Don’t become a bystander

A responsible citizen has many roles to play. One of the roles is to voice concern or act responsibly on an event or incident. His/her role should not be limited to a mute spectator or play victim of circumstances. The citizen needs to rise, react and respond. History is replete with incidents where a lone citizen first voiced a concern and slowly the voice became vociferous. Such vociferous voice was soon joined by the chorus and the combined voices became a movement.

To start this piece of the blog on such a serious note is just a preamble to what I see every day within the confine of my society and at large when I hit the road.

Let us begin with an example. The other day, I saw a taxi having 4 passengers drove dangerously. The driver had no respect for the traffic signal nor did he have any concern for the accompanying traffic. It grazed past my vehicle from the wrong side with a little but noticeable scratch. My concern is not the rash driving habit of the driver. I am concerned about the 4 passengers’ safety. It is my experience (and many would vouch for that) that passengers in a vehicle are least bothered as to how the vehicle is driven. Their only concern is to reach the destination in the shortest possible time. They are least bothered about their own safety. The 4 passengers were totally oblivious to the consequences of the dangerous driving. They did not care to jump the red light by the driver. They did not care that the driver was overtaking vehicles from the wrong side. They did not care that the driver was ignorant about pedestrian traffic. They did not care to admonish or alert the driver about the careless driving which was putting their safety in jeopardy. This is a daily scene in any vehicle you see on the road, especially the commercial vehicles. The passengers remained just bystanders even when their own lives were in danger.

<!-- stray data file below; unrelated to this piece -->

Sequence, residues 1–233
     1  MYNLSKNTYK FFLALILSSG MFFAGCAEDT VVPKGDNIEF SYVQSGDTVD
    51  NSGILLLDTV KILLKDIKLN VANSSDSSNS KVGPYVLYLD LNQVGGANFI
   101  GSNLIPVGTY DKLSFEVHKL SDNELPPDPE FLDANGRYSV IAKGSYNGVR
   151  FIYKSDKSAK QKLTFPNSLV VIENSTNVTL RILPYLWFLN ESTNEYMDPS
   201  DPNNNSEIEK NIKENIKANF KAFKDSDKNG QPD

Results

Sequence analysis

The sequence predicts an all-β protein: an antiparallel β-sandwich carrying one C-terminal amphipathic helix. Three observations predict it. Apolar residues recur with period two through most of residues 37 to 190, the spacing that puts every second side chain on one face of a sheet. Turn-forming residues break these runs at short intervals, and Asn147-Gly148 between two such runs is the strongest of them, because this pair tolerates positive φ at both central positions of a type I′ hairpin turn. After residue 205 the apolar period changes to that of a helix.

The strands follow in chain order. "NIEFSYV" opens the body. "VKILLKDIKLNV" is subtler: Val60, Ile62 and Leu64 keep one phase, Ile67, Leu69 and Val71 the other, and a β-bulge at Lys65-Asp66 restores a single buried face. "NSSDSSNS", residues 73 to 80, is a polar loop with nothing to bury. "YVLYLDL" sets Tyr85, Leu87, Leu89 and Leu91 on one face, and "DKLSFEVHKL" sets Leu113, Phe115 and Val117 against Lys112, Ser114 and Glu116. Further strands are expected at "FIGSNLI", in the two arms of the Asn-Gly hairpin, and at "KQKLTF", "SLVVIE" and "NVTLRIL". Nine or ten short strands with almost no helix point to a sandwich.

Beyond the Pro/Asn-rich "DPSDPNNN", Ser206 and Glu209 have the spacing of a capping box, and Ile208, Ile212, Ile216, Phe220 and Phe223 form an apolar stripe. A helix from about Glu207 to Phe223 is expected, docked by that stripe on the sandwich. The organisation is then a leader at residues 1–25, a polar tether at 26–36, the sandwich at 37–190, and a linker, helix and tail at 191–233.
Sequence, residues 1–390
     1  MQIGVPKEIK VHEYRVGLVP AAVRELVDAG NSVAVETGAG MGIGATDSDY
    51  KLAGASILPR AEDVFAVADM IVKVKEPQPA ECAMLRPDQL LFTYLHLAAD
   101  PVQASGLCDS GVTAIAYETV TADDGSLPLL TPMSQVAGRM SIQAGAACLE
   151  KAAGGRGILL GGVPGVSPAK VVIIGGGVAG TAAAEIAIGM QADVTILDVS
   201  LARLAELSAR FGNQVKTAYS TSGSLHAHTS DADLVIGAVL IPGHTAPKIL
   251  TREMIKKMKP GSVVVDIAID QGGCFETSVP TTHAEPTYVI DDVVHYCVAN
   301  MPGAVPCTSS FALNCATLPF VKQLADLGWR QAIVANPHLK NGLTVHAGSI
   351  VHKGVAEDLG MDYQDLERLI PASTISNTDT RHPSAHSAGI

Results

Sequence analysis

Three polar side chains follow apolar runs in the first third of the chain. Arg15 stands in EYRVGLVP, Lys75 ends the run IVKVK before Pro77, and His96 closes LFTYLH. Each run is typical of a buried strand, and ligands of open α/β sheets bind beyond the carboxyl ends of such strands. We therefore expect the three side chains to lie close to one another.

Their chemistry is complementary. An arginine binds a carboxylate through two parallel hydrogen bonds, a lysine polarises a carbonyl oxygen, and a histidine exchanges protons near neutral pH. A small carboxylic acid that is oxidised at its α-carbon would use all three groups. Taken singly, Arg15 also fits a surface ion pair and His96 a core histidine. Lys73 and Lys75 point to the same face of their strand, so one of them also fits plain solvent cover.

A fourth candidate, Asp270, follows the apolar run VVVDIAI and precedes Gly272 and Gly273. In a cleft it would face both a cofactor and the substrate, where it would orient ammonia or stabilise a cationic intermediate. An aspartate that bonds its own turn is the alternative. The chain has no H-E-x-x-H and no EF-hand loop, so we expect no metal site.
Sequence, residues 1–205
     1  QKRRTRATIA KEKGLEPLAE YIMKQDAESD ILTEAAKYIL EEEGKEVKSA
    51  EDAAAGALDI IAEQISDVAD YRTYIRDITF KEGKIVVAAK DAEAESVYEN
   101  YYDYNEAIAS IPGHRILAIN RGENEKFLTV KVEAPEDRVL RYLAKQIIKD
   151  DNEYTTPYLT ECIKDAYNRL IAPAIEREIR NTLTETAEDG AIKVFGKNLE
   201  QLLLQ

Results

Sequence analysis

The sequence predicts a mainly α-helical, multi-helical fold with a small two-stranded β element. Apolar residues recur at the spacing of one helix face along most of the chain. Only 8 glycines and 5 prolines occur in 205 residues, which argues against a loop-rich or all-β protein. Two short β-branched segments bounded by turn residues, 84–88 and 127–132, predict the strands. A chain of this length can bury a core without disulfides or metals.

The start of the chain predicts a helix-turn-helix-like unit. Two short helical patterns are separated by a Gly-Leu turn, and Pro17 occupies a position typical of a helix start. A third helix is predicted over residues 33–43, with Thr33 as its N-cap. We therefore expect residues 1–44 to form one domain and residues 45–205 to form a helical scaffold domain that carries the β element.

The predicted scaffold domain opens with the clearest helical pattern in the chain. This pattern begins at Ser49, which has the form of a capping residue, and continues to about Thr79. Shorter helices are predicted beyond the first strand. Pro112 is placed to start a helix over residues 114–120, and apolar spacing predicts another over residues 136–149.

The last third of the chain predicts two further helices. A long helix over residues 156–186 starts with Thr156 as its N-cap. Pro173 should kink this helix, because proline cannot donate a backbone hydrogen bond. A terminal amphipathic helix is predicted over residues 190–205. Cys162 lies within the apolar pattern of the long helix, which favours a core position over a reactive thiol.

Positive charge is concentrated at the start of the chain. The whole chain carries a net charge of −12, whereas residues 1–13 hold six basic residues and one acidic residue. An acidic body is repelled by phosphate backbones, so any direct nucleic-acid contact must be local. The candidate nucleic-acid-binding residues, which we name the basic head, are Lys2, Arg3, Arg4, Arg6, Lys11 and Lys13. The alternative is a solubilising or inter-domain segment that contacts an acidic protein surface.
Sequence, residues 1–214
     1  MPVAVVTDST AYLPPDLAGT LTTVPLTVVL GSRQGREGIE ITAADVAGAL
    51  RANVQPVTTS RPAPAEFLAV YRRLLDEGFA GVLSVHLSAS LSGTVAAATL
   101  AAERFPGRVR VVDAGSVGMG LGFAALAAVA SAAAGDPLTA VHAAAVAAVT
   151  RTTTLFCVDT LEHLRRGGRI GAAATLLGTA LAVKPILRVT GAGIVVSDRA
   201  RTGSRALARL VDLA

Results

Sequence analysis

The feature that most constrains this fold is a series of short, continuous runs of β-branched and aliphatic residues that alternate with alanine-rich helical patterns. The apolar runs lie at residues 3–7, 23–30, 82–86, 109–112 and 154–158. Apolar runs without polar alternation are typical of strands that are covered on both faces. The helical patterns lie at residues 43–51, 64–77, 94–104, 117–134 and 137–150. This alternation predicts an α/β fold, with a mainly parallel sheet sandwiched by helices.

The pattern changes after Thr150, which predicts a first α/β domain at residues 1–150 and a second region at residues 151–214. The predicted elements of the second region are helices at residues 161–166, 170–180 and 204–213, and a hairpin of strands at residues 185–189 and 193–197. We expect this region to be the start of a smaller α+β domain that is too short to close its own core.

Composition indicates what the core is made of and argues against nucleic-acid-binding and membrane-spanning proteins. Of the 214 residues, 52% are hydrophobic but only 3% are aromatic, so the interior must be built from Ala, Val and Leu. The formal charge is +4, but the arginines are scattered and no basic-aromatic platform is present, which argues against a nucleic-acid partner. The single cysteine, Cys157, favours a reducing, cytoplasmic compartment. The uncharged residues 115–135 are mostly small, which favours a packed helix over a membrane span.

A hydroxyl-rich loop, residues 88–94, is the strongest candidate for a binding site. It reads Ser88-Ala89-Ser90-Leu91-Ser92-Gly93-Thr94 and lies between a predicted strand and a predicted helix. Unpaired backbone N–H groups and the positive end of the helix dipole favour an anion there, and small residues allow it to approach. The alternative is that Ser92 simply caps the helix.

I have also observed the parking habits of various people. They would park their vehicles as if either they own the parking space or there would be no other vehicle. We observe this unbecoming behaviour regularly. But I have not observed anyone objecting to such a behaviour except for the parking attendant in paid parking lots. That too obviously for business reasons. The bystander syndrome affects all of us here too.

The malady has serious consequences. We have seen accidents on roads where people coolly leave the scene (after duly performing the role of a bystander). Seldom anyone offers help. These days some bystanders film the incident in their smartphones just to circulate the same in social media. It does not help in mitigating the suffering. A bystander is of no help. He is rather a hindrance.

Among the many stories emanating from the great epic ‘Mahabharata’, at this point, I remember the story of the ‘Yaksha’ who asked five questions to ‘Yudhishtira’. One of the questions was what the greatest riddle in the earth was. ‘Yudhishtira’ replied that every day people die. We all are witness to this phenomena in our daily lives. Yet, I, as a bystander, believe that I am alive without realising that I would also attain the same fate, for sure. This is the greatest riddle. A bystander neglect incidents on the same reasoning.

The bystander syndrome is all pervasive. We are ‘bystanders’ to the filth, dirt and stench around us. Someone throws garbage on road. We are mute spectators. Someone spits in the open. We are bystanders. Someone defecate openly. We are bystanders. Someone damages public property. We are bystanders. Someone defaces walls. We are bystanders. Someone humiliates. We are bystanders. Someone does not do his/her job. We remain bystanders and don’t protest. Someone show cruelty towards animals. We are bystanders. Someone is taking undue advantage of his/her position. We are bystanders. The list is infinite.

So what one should do? At least, make a beginning with yourself. Even on one occasion if you are voicing your concern, you are not among the ‘bystanders’.

The list is infinite.


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